In 1967, Caroline Baker, who had been working as a secretary to Shirley Conran on the Observer, took a job with the fashion editor Molly Parkin at Nova, the iconoclastic women’s magazine. Parkin left soon after Baker arrived, and Baker took over, having never done a fashion shoot in her life. Over the following years she developed a distinctive look that rebelled against the stereotypes of the industry. “I didn’t want to be this pretty girl, this toy for men,” she writes in an introduction to a new book celebrating her career, Rebel Stylist: Caroline Baker – The Woman Who Invented Street Fashion.
Instead of using clothes from design houses, Baker started searching elsewhere for the material for her fashion pages, using oversized menswear from secondhand shops, fitted with belts and braces, army surplus, leg-warmers and tights from ballet suppliers, chefs’ clothing, school blazers, hospital gowns and pyjamas. Her street style set the tone for punk fashion – Baker went on to work with Vivienne Westwood – and the liberated androgyny of the 1980s and beyond.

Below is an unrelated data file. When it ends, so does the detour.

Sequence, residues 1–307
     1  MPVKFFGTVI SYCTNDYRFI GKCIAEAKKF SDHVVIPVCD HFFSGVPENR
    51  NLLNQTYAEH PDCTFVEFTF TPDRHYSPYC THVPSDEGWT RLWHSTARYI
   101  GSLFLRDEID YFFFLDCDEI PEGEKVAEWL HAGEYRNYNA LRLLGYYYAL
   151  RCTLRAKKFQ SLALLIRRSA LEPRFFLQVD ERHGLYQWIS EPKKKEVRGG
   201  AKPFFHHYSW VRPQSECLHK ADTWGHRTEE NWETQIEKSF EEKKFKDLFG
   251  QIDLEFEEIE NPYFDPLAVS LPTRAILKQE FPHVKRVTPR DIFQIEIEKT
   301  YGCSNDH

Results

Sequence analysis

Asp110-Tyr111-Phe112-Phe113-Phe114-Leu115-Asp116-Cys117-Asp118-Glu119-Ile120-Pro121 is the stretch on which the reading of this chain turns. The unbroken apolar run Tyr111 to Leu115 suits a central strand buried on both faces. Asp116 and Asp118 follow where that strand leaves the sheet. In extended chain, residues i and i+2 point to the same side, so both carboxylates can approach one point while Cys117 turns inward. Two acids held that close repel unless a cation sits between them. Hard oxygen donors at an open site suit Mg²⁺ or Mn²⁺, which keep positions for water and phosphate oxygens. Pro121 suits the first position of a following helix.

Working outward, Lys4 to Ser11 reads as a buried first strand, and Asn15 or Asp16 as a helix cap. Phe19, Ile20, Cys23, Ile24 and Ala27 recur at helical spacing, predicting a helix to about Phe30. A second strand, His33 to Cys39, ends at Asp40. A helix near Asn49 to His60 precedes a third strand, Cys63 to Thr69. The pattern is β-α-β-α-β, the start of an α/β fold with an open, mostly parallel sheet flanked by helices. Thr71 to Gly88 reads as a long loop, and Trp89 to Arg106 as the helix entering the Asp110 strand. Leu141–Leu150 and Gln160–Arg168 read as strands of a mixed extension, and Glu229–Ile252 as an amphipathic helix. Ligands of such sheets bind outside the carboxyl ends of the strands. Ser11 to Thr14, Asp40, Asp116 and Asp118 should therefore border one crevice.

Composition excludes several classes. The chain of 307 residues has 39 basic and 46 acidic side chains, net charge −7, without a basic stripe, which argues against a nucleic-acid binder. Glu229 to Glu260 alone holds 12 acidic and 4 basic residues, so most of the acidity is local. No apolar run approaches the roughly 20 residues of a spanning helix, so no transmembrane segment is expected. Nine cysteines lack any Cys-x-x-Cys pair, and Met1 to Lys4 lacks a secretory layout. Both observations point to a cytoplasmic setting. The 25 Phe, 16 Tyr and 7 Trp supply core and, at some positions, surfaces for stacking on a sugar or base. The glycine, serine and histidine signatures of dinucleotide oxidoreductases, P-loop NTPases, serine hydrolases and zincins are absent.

One inspiration for this look was Charlie Chaplin, “his chaotic way of dressing”. This picture, included in the book, is from a Nova shoot by the photographer Sarah Moon, styled by Baker, made not long before Nova’s demise in 1975.
Moon was one of few female fashion photographers at the time, and she and Baker made a series of features together that reimagined film nostalgia through a female lens. They went to Brighton to do the Chaplin pictures. “Sarah wanted two little children and an old car… you planned your fashion shoot like a mini-film,” Baker recalls. Chaplin’s capacious silhouette had a practical as well as an aesthetic allure. “I always felt so jealous that men were so lucky to have pockets.” She decided women should have them, too.